In the Methodist lexicon, 'conference' refers to a body of preachers (and later, of laity as well) that exercises legislative, judicial, and executive functions for the church or some portion thereof. 'Conference,' says Richey, defined Methodism in more than political ways: on conference hinged religious time, religious space, religious belonging, religious structure, even religiosity itself. Methodist histories uniformly recognize, typically even feature, conference's centrality, but describe that in primarily constitutional and political terms. The purpose of this volume is to present conference as a distinctively American Methodist manner of being the church, a multifaceted mode of spirituality, unity, mission, governance, and fraternity that American Methodists have lived and operated better than they have interpreted.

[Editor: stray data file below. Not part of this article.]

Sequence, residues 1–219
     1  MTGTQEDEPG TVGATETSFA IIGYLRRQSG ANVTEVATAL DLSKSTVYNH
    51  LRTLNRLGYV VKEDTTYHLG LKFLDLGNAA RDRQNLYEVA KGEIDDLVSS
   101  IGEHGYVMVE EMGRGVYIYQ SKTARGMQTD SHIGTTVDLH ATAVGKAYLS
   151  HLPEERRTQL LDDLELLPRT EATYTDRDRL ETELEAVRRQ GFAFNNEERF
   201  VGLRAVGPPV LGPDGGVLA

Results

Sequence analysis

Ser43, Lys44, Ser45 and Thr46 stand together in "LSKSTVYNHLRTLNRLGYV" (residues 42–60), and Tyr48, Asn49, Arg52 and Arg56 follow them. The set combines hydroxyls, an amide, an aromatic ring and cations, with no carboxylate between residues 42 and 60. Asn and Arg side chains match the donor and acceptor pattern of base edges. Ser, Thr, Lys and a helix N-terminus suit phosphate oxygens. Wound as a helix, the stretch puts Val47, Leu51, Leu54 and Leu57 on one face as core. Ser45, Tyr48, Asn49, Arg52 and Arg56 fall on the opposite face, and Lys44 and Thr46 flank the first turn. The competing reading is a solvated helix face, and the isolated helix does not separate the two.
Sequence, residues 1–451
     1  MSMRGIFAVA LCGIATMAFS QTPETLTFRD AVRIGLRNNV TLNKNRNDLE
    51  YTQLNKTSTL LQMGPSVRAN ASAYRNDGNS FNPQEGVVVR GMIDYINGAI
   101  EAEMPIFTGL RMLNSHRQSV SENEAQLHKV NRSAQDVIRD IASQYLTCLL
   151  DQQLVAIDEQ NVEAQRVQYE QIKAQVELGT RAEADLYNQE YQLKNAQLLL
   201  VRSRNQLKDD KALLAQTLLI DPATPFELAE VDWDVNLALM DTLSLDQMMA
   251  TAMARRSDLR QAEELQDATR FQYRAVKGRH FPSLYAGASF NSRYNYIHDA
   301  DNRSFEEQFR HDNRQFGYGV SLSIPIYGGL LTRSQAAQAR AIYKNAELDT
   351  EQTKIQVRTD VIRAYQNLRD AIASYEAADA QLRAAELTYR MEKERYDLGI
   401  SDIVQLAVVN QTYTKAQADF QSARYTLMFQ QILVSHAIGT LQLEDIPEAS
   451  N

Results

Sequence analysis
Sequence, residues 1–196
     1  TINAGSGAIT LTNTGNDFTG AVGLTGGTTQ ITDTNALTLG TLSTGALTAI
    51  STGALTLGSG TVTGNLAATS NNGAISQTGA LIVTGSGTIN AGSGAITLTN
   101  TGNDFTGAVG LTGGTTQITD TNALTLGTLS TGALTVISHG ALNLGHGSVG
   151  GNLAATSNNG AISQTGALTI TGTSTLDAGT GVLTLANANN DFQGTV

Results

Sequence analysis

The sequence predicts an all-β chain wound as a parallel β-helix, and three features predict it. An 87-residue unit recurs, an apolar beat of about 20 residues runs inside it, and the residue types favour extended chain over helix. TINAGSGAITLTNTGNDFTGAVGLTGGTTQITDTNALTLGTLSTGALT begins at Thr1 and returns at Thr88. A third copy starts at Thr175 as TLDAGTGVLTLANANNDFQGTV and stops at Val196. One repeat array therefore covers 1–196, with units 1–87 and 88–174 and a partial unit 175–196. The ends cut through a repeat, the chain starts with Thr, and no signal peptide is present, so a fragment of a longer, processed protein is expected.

About the Author
Russell E. Richey
(2011) Russell E. Richey is Dean Emeritus of Candler School of Theology and the William R. Cannon Distinguished Professor of Church History Emeritus in Atlanta, Georgia.